create high quality products. Students who learn to use Photoshop will also have an advantage
in professional situations later, as it is one of the core photo editing programs in the workplace
today. There are also thousands of training videos available online that students can rely upon.
iMovie – iMovie has a green screen function built in to the program. Students can use this
simple tool to edit their videos, as well, making it a great all-in-one solution for a green screen
project if your students are using Macs.
WeVideo- Wevideo is a free program that can be used in the Google Chrome browser or on a
Chromebook. There is a free version that allows you to upload up to a 1 GB file that is 2
minutes or less per month. You can also purchase a classroom license that will allow you to
keep the videos that students create in one private area where the general public will not have
access to them. The education price allows for longer videos and 50 student users.
September 2016 – Authors Joyce Camp, Ryan Loyst
Instructional Technology
Finding Background Images
The first step when creating a green screen video is to find the background image(s) that you
want to use. We highly recommend taking your own background images or using copyright
friendly images with students. (Hint: This is a great way to teach some copyright and digital
citizenship skills in your classroom).
Just be aware that some of these websites may not filter all content that is not child friendly, so
be sure to try this at school ahead of time to be sure the images on the web site are ok to use
with your students.
Sources of Copyright Friendly Images
Google - use Google Image Search and select the “Search Tools” option. Then click on “Usage
Rights” and you can refine search results to include only images that are available for reuse.
World Images-
Creative Commons-
Using DoInk to create still images
Use the iPad camera to take photos in front of the green screen and save to the Camera Roll
Find a copyright free image from the internet and save to the Camera Roll
Launch the DoInk App
At the top-right of the app, hit the “+” sign to create a new project
Allow all permissions
Click Image in the toolbar right above the layers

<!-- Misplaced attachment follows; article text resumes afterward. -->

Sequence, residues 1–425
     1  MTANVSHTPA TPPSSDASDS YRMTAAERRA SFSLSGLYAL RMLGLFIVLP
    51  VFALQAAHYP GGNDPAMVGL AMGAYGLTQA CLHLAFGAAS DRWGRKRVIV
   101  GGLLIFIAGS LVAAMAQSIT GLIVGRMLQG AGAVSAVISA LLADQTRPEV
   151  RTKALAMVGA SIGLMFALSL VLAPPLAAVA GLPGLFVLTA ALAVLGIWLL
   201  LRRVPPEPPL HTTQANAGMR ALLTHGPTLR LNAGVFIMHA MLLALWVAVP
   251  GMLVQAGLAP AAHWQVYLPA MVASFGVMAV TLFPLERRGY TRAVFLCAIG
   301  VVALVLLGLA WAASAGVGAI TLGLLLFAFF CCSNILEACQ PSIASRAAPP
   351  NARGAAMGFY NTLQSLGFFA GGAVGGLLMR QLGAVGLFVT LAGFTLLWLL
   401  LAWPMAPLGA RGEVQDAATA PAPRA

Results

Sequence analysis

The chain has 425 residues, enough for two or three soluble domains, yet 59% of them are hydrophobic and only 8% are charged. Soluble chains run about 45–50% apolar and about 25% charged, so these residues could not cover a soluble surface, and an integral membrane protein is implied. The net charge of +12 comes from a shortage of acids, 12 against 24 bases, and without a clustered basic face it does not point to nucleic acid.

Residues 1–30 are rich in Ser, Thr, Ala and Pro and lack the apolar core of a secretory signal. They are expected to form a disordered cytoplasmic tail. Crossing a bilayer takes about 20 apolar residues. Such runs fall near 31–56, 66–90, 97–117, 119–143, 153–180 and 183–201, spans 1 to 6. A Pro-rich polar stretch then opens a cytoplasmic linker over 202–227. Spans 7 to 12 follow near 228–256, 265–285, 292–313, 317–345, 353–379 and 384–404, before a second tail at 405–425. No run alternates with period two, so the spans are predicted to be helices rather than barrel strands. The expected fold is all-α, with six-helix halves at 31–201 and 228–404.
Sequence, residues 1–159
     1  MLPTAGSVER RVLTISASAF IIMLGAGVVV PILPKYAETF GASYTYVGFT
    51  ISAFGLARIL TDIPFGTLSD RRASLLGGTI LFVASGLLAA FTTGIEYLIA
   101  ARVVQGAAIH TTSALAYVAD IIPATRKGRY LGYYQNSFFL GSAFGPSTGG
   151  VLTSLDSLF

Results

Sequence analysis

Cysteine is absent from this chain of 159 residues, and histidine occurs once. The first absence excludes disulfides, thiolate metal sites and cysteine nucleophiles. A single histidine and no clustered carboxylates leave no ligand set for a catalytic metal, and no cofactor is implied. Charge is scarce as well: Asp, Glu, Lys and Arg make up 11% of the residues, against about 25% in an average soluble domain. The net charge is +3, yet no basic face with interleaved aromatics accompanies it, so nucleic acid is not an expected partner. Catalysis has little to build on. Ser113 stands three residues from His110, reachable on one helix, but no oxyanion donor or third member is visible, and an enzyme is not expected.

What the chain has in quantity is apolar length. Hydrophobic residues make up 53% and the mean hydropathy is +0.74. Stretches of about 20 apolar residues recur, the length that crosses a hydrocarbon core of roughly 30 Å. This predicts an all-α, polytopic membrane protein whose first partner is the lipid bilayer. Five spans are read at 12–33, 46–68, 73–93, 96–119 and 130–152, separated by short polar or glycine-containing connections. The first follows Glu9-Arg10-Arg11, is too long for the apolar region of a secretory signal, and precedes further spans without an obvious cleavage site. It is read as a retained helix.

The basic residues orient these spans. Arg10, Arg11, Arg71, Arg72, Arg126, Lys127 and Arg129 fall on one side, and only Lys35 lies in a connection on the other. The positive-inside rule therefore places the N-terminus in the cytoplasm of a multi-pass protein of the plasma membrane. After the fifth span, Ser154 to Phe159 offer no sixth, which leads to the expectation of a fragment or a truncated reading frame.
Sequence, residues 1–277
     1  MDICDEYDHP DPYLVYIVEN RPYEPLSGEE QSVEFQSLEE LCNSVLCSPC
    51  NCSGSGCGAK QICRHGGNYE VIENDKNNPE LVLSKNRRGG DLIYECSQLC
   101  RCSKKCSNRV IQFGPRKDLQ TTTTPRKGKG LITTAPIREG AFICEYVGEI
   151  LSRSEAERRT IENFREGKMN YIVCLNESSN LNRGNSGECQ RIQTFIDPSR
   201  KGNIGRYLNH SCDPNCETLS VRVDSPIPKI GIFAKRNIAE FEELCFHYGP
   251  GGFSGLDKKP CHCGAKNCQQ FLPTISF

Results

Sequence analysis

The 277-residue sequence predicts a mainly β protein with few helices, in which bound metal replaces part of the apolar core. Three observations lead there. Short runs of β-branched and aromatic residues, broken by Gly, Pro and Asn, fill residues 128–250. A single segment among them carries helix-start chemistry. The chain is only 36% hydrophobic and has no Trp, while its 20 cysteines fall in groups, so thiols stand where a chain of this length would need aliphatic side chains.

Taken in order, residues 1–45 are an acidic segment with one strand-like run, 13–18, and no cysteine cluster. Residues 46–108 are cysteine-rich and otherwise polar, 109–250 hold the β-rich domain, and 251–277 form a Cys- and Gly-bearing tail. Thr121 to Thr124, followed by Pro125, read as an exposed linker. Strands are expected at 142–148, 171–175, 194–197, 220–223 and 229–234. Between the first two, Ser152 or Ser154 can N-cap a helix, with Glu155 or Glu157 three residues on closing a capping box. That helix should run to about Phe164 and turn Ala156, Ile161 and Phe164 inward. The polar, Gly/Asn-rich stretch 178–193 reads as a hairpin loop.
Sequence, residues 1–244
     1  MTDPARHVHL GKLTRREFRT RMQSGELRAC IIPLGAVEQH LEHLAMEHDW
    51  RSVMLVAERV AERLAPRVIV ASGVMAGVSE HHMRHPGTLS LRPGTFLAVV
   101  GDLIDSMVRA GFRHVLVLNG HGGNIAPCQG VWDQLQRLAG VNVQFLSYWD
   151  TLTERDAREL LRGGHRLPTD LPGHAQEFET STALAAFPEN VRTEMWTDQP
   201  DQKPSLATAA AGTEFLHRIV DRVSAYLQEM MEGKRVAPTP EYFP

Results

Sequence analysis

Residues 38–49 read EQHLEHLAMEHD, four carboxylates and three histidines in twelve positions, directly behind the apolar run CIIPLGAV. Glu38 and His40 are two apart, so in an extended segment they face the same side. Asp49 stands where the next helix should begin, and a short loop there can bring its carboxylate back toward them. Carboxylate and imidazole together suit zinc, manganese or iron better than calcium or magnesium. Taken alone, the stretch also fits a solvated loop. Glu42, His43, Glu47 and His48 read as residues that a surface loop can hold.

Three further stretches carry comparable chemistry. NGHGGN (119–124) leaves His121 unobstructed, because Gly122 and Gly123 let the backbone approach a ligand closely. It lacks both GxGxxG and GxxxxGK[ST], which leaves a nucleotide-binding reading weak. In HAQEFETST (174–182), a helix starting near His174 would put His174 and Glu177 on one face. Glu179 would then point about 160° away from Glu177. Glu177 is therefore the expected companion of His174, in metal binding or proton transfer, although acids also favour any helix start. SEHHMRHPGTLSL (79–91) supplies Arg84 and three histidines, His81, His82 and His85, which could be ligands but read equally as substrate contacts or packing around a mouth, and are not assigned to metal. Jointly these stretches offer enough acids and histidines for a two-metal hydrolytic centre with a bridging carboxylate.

Locate desired background image from the iPad’s Camera Roll and place it in the bottom
layer in the app screen
8. Locate the green screen photos from the iPad’s Camera Roll and place it in the top or
middle layer of the app screen
9. Edit and/or position the green screen image as needed to fit within the background image
10. When you have finished your project, press the “Save” button to add the image to your
Camera Roll
September 2016 – Authors Joyce Camp, Ryan Loyst
Instructional Technology
11. You can now share the image or video by opening the iPad’s Gallery app and emailing,
texting, or sending the image to social media
DoInk User Interface
At the bottom of the screen are your “layers.” The top row is the closest layer, or the highest
layer in the hierarchy. Anything placed in this top row will appear “in front of” the rows below
it. The middle row will appear behind the top row and in front of the bottom row. The bottom
row is always in the back.
For this reason, we recommend placing all background images in the bottom row. This gives
you the opportunity to add either multiple photos to the project, or to add a watermark of your
own creation.
September 2016 – Authors Joyce Camp, Ryan Loyst
Instructional Technology
Clicking on the plus sign next to a layer will bring up these options:
 Camera – Adds a layer where you can capture footage using the Do Ink Program. We do not
usually recommend using this option. Use the iPad’s Camera app, instead.
 Video – Adds a video to the selected layer.
 Image – Adds an image to the selected layer.
The toolbar above the layers also presents a few options:
 Chroma – The colorful wheel brings up the Chroma Adjustment Screen. Make sure Chroma
is enabled when adding green screen images to layers. If you choose to use the DoInk
Camera, add background image layers before taking the individual’s photo, and also make
sure Chroma stays enabled. You can also adjust the color that is omitted from the image in
this menu, as well as the sensitivity. This can be useful if you have a blue screen instead of a
green screen, for example.
 Crop – You may crop images and videos using the Crop command.
 Image Adjustment – The mask allows you to perform basic editing on photos.
 Save – This will save your project to the Camera Roll.
September 2016 – Authors Joyce Camp, Ryan Loyst
Instructional Technology
There are also some editing options at the top of the screen.
The gear-like icon includes properties of the app and can be adjusted to suit your needs.
The question mark icon is the help feature and can be used if you need help completing a task
within DoInk.
30 Minute Exploration and Challenge
Use an iPad to find an image, then take a photo of yourself in front of the